Managing Money during a Crisis

The financial impacts of a global pandemic, such as COVID-19, are far reaching. While we all take the necessary steps to put health and safety first, you may also want to take steps to protect your finances.

concerned man in front of computer

There have been lots of changes to how you manage your money and conduct business during this uncertain time. Here are some steps that may help you adjust:

1) Sign up for online banking (or make the most of it, if you already have access)

By managing finances online or through mobile banking, you can easily check account balances, pay bills, make transfers, and meet many of your day-to-day banking needs. Check to see if your financial institution offers online tools that can also help you monitor your spending habits, and send and receive money. Using these tools can help you see where you stand and to plan for the road ahead, all from the safety of your home.

2) Review your budget and savings

Consider tightening your budget to help ensure you have enough funds to cover essential expenses. If you have less income coming in, prioritize your spending and cut out any unnecessary expenses. Creating a budget and sticking to it is a sound strategy at any time, but especially when your finances have taken an unplanned hit.

If you receive a tax refund or other windfall, consider allocating a portion to boost your savings or create an emergency fund for future unexpected situations.

3) Make payments on time

During trying times, try to think long term when it comes to your credit. Though it may be difficult, try to make at least your minimum debt payments by their due date. Going 30 days or more overdue can stay on your credit report for up to seven years and 35 percent of your credit score is based on payment history. Therefore, while higher credit card balances also can reduce your credit score, that impact may be easier to address over time than a missed payment.

4) Use credit wisely

If you need to carry balances or borrow more, make a list of your current credit sources, including current balances, credit limits and annual percentage rates (APRs). Note the end date of any zero percent introductory offers.

Avoid maxing out any one card. If necessary, spread spending across several cards. Use credit lines with the lowest APRs first to minimize the interest you pay.

If your credit is good, you might consider requesting higher credit limits on your current credit cards. Higher limits can soften the impact of higher-than-usual balances on your credit score and reinforce your safety net.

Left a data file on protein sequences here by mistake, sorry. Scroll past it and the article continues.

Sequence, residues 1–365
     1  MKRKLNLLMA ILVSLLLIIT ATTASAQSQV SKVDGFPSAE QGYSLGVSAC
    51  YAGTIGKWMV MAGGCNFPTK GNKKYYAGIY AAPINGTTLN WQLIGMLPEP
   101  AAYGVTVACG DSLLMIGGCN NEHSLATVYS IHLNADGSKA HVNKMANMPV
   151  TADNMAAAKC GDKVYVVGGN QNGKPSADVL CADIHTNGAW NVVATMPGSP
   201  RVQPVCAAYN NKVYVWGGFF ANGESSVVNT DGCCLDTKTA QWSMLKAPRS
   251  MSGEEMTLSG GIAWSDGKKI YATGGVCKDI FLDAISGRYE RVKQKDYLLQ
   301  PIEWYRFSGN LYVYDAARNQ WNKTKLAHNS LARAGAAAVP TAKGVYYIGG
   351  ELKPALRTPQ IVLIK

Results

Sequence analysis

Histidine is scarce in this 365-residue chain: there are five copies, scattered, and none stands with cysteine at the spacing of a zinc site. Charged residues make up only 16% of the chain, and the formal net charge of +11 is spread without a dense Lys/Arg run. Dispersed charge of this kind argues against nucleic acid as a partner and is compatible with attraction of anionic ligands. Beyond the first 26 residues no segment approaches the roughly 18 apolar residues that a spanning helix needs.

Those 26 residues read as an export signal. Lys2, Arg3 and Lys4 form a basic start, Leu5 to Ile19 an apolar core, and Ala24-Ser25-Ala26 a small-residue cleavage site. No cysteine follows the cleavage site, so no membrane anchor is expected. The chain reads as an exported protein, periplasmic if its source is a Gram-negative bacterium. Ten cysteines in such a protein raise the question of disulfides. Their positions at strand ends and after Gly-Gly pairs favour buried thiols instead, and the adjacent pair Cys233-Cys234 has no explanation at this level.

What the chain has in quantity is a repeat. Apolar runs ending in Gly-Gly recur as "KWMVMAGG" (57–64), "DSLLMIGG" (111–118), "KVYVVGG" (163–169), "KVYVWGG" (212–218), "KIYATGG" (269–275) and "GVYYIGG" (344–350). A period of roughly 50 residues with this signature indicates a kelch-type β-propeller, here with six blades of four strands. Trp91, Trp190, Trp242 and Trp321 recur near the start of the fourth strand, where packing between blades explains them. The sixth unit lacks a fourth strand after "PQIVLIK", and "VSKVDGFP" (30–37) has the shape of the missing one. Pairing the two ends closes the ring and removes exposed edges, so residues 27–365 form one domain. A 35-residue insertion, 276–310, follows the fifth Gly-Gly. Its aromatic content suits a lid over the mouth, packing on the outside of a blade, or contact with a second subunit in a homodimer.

If your credit is not so good, beware of payday and car title loans. Quick cash offers can be tempting but often lead to debt spirals. Additionally, a title loan puts your transportation at risk.

5) Contact lenders and service providers

If you are struggling, contact your lenders and credit card issuers immediately. Financial institutions may have hardship options enabling you to apply for a short-term payment suspension, or possibly defer or reduce your payments. You may qualify for help with other bills, as well. Check your service providers’ websites. Many power, phone and internet companies may be suspending disconnections during this time. Check out the extensive resources at 211.org or call 211 to be connected.

6) Guard against fraud

The Federal Trade Commission and other agencies have warned consumers to watch out for scammers exploiting the crisis. Be suspicious of messages claiming to be from creditors, employers or charities. Don’t respond to emails or phone calls directly and only contact numbers or email addresses you know are accurate, like the contact information on a creditor’s or charity’s website.

The coronavirus pandemic is changing how we do many day-to-day things, including how we manage our financial situation. If you need general information on the status of the coronavirus, navigate directly to trustworthy sites like the Centers for Disease Control and Prevention or the Consumer Financial Protection Bureau.

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